Last month, San Francisco hosted the annual Game Developers Conference. One of the highlights of GDC is the annual Women in Gaming Awards Luncheon: Women in the game development community come together to network and recognize each other for jobs well done.
The event has changed a lot in the last nine years, when I attended my first GDC. It began as a networking cocktail hour. Although it was launched with great intentions, it became an event that attracted a ton of men. Not that in itself is a bad thing. But most of the men seemed more interested in picking up free Xbox swag and possibly a date than learning about the professional community.
Which brings me to my topic: the two ladies at the heart of Women in Gaming.
Karen Randhawa and Marta Beck are part of the Microsoft Studios Staffing team, in the broader Devices and Studios Staffing organization. Together, over the past six years, they have turned Women in Gaming into a “must attend” extravaganza. Complete with swag bags and signature cocktails, WIG has come to more closely resemble the Oscars than it does the happy hour of the past. A place where women (and yes, some men) come together to discuss topics important to them, learn from one another, and reward each other for successes in their industry. This year, the impact was significant enough that we even had the New York Times in attendance.
I decided to put on my Barbara Walters hat and sit down with Karen and Marta to learn more about what inspired them to get involved, and what keeps them coming back. Here’s what they had to say:
Women in Gaming has been going on for many, many years. What inspired you to get involved and take the reins on the event?
Karen: We wanted to represent diversity at Microsoft in a way that was more meaningful and unique. Denise (Novosel…the Xbox Staffing Director) suggested a luncheon. We came up with the awards concept: We wanted a cool forum for women in the industry to participate and network, while being surrounded by the elite women in gaming.
We started small with 70 people which seemed huge at the time. We’re now at 250! People have been really enthusiastic and impressed that we have put in the ongoing effort to bring together this community.
Marta: I got involved because Karen went on maternity leave [a statement that makes us all laugh].
Karen: I did it for two years. The third year I was literally on my phone during my C-section. There’s a picture to prove it.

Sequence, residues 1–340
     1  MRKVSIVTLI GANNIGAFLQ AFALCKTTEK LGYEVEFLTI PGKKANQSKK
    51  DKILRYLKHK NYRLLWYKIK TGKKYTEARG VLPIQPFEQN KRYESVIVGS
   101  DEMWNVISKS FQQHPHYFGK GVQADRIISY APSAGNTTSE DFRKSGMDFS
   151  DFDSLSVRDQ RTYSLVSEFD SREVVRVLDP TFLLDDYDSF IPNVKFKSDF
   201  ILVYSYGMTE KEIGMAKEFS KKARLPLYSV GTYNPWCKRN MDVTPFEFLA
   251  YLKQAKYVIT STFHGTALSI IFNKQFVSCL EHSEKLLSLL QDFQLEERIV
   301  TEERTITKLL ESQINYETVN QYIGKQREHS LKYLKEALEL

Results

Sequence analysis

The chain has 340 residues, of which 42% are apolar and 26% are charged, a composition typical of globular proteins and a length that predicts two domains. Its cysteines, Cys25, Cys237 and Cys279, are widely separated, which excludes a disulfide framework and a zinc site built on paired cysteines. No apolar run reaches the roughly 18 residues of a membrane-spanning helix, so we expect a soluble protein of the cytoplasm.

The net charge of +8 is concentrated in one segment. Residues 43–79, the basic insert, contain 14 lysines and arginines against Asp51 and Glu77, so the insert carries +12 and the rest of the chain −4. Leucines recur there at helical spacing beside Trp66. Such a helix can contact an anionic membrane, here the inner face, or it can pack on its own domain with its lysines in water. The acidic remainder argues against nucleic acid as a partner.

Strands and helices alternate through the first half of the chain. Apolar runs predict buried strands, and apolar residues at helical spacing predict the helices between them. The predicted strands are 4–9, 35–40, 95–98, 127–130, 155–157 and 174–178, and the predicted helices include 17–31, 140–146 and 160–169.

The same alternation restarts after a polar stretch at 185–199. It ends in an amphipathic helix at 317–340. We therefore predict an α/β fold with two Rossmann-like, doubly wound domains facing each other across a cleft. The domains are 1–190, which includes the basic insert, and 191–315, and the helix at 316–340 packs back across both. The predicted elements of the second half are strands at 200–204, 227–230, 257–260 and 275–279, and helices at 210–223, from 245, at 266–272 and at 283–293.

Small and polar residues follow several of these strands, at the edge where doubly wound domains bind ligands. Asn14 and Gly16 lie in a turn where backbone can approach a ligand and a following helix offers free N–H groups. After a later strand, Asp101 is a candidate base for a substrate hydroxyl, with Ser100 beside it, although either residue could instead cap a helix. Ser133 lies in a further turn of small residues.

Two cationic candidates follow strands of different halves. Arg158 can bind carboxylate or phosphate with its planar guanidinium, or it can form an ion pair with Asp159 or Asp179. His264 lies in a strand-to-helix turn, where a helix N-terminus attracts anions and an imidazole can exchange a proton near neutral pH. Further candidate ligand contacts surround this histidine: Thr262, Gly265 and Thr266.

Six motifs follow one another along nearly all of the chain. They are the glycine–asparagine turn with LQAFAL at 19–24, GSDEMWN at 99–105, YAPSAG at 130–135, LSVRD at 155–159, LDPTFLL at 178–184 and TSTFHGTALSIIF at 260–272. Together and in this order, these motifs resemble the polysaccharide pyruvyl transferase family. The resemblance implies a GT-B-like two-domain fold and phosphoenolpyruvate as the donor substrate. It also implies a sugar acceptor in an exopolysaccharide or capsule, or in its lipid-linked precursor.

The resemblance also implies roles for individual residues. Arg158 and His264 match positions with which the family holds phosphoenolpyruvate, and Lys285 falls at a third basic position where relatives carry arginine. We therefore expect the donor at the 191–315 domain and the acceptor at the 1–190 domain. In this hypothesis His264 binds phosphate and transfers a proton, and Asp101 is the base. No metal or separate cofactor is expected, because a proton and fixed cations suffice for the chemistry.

Marta: For me any opportunity to talk to women in the industry, people who actually make the games, is thrilling.
What are some of the issues that are important to women in the industry right now?
Marta: The comments we get at the event, online and questions directed to our panelists, address: “How do we navigate this male-dominated industry?” They want to hear how other women have done it. It’s complicated because everyone’s experience is different.
Karen: The gender balance in the industry is still so skewed. It’s often hard to encourage young girls to pursue careers in gaming. They want to talk about how we encourage kids, particularly girls, interested in technology and programming.
What questions do you find are important to women when they are seeking new opportunities in the industry, specifically, at Microsoft?
Karen: I am asked about the culture. About growth opportunities. Mentorship. A lot of female developers care a lot about the subject matter of the product they’re working on.
What does Microsoft do to address concerns that are important to women?
Karen: We have many initiatives as a company. We sponsor events like Seattle Girl Geek dinners and Codess. Team leaders provide mentorship opportunities to new people. We pair people up with a “buddy” on their first day so their onboarding is a good experience. We try to provide different steps in their growth to help them take the lead on features or maybe participate in interviews for new employees.
Marta: Women of Devices and Studios (DnS)! We recently had Pete Carroll come talk to the group. Plus we sponsor events like WIG. Nothing else provides this opportunity for genuine connection among women in the industry. In North America, this is a one-of-a-kind event.
Karen: At the event, Marta and I want to cry every year.
Marta: We do. It’s a tear jerker!
Ok…last question. What’s it like working with Kiki Wolfkill? I think she’s rad.
Karen: Kiki is one of the women at Microsoft I admire a great deal. There’s also Bonnie Ross, Shannon Loftis, Nancy Tellem – a bunch really – which is so inspiring! I have had a few opportunities to support Kiki and her team, and she really is rad.
Marta: Yeah… there is an authenticity about Kiki you feel immediately. I’m glad she’s on our side.
As a dude in the industry, I am always inspired when I attend Women in Gaming. If you are interested in more information or if you would like to participate next year, please follow the Xbox Jobs Twitter account (@XboxJobs). Also, you can follow Karen (@karenr604) and Marta (@kahloaku). The next Women in Gaming luncheon will take place during the 2015 Game Developers Conference.
Learn more about international opportunities at Microsoft on our Global Careers site.